Of course the Reds pick up the $10 million option for 2015 (as opposed to buying him out for $800,000), but after that it gets interesting. They spent $105 million on the less-accomplished (but slightly younger) Homer Bailey, which may leave little room in the budget of the small-market team for the fellow who's pitching better than anyone in the game. Little chance a chant of "Cue-to" could derail him now.

3. Yasiel Puig, OF, Dodgers: His new discipline at the plate makes him even tougher. For the week, he had three more home runs and a 1.334 OPS. He also isn't making the previous mistakes on the base paths. For all the ridicule he has taken, he seems like he might be a very fast learner.

Honorable Mention:Rickie Weeks, 2B, Brewers; Miguel Cabrera, 1B, Tigers; Victor Martinez, DH, Tigers; Jose Altuve, 2B, Astros; Brandon Moss, 1B, A's; Pablo Sandoval, 3B, Giants; Yadier Molina, C, Cardinals; A.J. Pollock, OF, Diamondbacks; Daniel Murphy, 2B, Mets; Seth Smith, OF, Padres; Brian Dozier, 2B, Twins; Josh Donaldson, 3B, A's; Freddie Freeman, 1B, Braves; David Murphy, OF, Indians; Brett Gardner, OF, Yankees; Hunter Pence, OF, Giants;Juan Francisco, 3B, Jays; Brandon League, RP, Dodgers; Ubaldo Jimenez, SP, Orioles; Sean Doolittle, RP, A's; Drew Pomeranz, SP, A's; Bronson Arroyo, SP, Diamondbacks; Joe Nathan, RP, Tigers; Jeff Samardzija, SP, Cubs; Danny Duffy, SP, Royals; Tyson Ross, SP, Padres; Max Scherzer, SP, Tigers; Phil Hughes, SP, Twins; Tom Koehler, SP, Marlins; Hisashi Iwakuma, SP, Mariners; Jered Weaver, SP, Angels; Edwin Jackson, SP, Cubs; Jon Lester, SP, Red Sox; Zack Greinke, SP, Dodgers; Masahiro Tanaka, SP, Yankees; Mark Buehrle, SP, jays; Shelby Miller, SP, Cardinals; Corey Kluber, SP, Indians; Garret Richards, SP, Angels; Jorge de la Rosa, SP, Rockies; Dallas Keuchel, SP, Astros; Drew Pomeranz, SP, A's; Robbie Erlin, SP, Padres; Rick Porcello, SP, Tigers.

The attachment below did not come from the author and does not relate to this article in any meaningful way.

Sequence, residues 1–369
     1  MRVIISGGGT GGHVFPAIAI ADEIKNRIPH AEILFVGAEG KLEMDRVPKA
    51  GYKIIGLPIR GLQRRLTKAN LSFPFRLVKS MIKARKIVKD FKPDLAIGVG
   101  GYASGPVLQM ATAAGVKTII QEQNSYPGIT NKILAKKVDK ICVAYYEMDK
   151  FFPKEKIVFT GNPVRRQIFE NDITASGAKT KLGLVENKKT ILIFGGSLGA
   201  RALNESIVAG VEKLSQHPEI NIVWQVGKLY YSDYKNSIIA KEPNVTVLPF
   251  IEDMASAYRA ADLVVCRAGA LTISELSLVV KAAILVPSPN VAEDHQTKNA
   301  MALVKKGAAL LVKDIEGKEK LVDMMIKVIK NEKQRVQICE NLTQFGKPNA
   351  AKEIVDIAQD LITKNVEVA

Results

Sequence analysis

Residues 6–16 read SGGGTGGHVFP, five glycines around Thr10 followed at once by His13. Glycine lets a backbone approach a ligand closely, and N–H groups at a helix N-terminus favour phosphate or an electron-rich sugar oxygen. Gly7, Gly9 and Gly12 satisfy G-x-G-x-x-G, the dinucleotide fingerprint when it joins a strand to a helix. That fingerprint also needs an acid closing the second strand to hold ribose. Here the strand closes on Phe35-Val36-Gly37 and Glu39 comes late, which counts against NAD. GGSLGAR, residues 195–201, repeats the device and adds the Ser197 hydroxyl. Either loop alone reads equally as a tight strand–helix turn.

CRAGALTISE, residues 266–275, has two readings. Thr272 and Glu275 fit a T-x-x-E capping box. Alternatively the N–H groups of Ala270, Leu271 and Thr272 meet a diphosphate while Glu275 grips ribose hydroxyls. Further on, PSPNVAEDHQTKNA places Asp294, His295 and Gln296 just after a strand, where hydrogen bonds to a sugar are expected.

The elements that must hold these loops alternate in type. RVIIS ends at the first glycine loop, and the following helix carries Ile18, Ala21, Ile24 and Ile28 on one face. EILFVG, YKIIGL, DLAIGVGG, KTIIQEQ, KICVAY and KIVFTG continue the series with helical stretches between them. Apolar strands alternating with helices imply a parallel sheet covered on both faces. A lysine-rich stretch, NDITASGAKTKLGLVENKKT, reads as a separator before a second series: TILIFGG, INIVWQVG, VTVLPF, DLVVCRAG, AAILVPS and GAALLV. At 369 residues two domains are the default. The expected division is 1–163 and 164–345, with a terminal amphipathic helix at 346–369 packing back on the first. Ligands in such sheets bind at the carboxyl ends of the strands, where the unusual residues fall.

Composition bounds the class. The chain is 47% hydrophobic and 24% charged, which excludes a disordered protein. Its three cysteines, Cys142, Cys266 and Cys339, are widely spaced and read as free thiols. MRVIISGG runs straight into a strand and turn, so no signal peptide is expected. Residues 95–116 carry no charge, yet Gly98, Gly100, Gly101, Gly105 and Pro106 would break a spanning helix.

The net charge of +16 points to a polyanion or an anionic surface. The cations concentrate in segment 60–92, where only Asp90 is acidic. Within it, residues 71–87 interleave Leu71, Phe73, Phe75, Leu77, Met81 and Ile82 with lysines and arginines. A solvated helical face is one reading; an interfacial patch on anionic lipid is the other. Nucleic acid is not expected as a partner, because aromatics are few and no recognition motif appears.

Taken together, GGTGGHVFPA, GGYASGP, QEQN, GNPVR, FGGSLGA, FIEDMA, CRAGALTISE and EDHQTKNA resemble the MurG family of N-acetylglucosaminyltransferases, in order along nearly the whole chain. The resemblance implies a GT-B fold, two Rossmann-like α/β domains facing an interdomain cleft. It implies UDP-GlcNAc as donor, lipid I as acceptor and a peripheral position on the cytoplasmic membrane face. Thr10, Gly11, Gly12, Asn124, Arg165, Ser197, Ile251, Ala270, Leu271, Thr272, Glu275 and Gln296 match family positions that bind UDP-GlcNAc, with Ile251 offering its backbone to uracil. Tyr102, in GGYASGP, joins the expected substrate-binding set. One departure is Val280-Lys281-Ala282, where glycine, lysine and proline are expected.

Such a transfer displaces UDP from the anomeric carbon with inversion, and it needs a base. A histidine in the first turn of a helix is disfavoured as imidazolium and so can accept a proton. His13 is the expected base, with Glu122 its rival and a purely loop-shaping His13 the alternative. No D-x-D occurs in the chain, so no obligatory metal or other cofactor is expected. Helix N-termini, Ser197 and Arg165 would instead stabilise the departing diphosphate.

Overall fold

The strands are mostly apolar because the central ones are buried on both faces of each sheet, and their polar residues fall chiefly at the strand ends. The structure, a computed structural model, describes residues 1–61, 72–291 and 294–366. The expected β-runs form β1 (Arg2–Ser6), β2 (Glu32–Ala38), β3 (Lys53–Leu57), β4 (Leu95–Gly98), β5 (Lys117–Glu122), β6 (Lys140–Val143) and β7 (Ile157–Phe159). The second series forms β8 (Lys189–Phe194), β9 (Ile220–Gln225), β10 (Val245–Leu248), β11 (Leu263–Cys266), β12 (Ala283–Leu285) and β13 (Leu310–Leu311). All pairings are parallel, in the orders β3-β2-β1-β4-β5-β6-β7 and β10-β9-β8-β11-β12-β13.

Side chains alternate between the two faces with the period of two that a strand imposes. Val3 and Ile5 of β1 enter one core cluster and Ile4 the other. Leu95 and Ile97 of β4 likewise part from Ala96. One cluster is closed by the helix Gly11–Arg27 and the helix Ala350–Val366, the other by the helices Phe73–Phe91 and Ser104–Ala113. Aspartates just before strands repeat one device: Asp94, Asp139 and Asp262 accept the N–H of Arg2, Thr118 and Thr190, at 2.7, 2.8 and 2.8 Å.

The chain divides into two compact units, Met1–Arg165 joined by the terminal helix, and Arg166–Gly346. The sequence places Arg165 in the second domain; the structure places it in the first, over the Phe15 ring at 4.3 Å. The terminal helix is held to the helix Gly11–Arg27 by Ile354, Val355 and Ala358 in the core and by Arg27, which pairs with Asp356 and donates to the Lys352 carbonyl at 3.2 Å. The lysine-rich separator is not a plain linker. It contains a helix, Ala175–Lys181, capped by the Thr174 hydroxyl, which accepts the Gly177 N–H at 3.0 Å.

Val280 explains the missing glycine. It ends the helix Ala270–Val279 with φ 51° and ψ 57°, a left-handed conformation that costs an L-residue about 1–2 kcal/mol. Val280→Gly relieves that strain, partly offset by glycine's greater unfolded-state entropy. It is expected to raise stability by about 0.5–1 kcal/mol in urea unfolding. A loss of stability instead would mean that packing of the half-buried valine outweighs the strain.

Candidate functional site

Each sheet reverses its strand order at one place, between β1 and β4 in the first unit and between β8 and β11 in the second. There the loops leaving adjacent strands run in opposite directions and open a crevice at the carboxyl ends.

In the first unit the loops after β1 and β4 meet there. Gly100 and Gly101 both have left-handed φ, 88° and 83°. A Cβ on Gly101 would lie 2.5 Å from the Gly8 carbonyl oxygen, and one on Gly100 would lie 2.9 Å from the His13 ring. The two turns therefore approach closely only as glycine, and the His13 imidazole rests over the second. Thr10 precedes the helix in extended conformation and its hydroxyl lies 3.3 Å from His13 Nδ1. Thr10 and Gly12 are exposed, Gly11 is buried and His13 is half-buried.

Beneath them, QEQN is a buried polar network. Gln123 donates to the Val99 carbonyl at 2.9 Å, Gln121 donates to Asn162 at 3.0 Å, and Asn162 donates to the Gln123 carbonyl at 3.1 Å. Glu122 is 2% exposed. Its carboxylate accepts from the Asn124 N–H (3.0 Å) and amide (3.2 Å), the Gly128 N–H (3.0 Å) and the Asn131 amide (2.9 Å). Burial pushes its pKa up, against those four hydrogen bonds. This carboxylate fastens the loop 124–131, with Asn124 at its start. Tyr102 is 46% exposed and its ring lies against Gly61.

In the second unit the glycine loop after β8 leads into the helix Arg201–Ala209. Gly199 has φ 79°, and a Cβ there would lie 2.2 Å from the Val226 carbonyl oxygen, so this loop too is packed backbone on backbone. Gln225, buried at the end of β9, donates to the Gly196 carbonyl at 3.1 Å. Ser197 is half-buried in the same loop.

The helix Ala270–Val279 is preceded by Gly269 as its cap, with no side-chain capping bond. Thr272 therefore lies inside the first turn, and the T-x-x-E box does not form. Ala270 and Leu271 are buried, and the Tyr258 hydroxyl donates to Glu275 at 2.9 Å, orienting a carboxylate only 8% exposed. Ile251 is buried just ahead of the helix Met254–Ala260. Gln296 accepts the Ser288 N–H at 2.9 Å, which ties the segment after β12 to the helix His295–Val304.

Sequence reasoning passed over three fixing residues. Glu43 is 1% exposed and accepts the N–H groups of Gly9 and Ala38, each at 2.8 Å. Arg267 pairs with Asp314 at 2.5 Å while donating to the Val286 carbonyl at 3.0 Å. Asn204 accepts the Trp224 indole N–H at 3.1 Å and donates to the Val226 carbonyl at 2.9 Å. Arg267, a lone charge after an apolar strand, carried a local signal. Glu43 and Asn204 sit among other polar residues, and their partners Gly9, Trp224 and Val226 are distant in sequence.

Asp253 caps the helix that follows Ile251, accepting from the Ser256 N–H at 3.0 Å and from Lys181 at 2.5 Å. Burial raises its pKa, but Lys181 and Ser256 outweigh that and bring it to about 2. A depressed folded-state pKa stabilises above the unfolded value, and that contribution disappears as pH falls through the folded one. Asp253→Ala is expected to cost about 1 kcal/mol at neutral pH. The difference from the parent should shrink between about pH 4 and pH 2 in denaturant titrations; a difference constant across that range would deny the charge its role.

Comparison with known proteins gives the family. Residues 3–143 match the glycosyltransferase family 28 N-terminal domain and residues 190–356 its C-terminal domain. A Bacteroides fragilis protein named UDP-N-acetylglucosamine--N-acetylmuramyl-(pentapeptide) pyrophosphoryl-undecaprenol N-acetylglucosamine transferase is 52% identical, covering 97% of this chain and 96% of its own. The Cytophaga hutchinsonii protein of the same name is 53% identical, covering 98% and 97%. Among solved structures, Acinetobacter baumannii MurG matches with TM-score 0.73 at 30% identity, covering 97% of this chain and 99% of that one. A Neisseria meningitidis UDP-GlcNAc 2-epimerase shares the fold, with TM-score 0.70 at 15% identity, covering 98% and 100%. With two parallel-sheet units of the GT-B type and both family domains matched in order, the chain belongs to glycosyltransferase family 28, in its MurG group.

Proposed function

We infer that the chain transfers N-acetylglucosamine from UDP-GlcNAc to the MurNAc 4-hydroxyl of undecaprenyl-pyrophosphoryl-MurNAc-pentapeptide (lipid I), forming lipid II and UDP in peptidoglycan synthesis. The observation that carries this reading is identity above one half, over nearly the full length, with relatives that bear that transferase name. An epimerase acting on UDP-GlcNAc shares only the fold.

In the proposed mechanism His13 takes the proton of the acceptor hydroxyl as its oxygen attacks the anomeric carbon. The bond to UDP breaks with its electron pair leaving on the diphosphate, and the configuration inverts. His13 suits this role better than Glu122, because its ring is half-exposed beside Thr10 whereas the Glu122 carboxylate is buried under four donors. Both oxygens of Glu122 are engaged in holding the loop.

Bear Market

1. Justin Masterson, SP, Indians: For the week, he had an 11.17 ERA. Neither start was great but the last one, Sunday's 13-3 defeat to the A's in which he allowed seven hits, five walks and seven earned runs in 4 1/3 innings, was especially bad (though to be fair, the A's have tormented a lot of pitchers lately). It was written here that it was hard to believe the Indians turned down some seemingly reasonable short-term offers to stay with Masterson, but based on the way he has started, the team doesn't look quite so foolish, at least not at the time. Though for the record, I would still consider this an aberration and try to keep him.

2. Clayton Kershaw, SP, Dodgers: One off game doesn't normally qualify one for the Bear Market. But when the best pitcher in the game allows three run-scoring triples in the same inning to anyone, much less the last-place Diamondbacks, he makes it based on the grading curve. Kershaw lasted just 1 2/3 innings in the 18-7 Dodgers defeat; his second game back turned out to be the second-shortest outing of his career.

3. Ruben Tejada, SS, Mets: The callup of Wilmer Flores seemed to spur Tejada to better play for a couple days, but it's still a 3-for-21 (.143) week and 5-for-40 (.125) month. For the year, he has a .185 batting average and .524 OPS.

Dishonorable Mention: Kyle Seager, 3B, Mariners; Mark Reynolds, 3B, Brewers; Evan Longoria, 3B, Rays; Matt Carpenter, 3B, Cardinals; Eric Hosmer, 1B, Royals; A.J. Pierzynski, C, Red Sox; Justin Upton, OF, Braves; Desmond Jennings, OF, Rays; Danny Espinosa, 2B, Nationals; Jedd Gyorko, 3B, Padres; Jackie Bradley Jr., OF, Red Sox; Brad Miller, SS, Mariners; Mike Moustakas, 3B, Royals; Jake Peavy, SP, Red Sox; Zack Wheeler, SP, Mets; Scott Carroll, SP, White Sox; Brian Wilson, RP, Dodgers; Edinson Volquez, SP, Pirates; Gio Gionzalez, SP, Nats; Zach McAllister, SP, Indians; Henry Rodriguez, RP, Marlins; Jim Henderson, RP, Brewers; Nick Maronde, RP, Angels.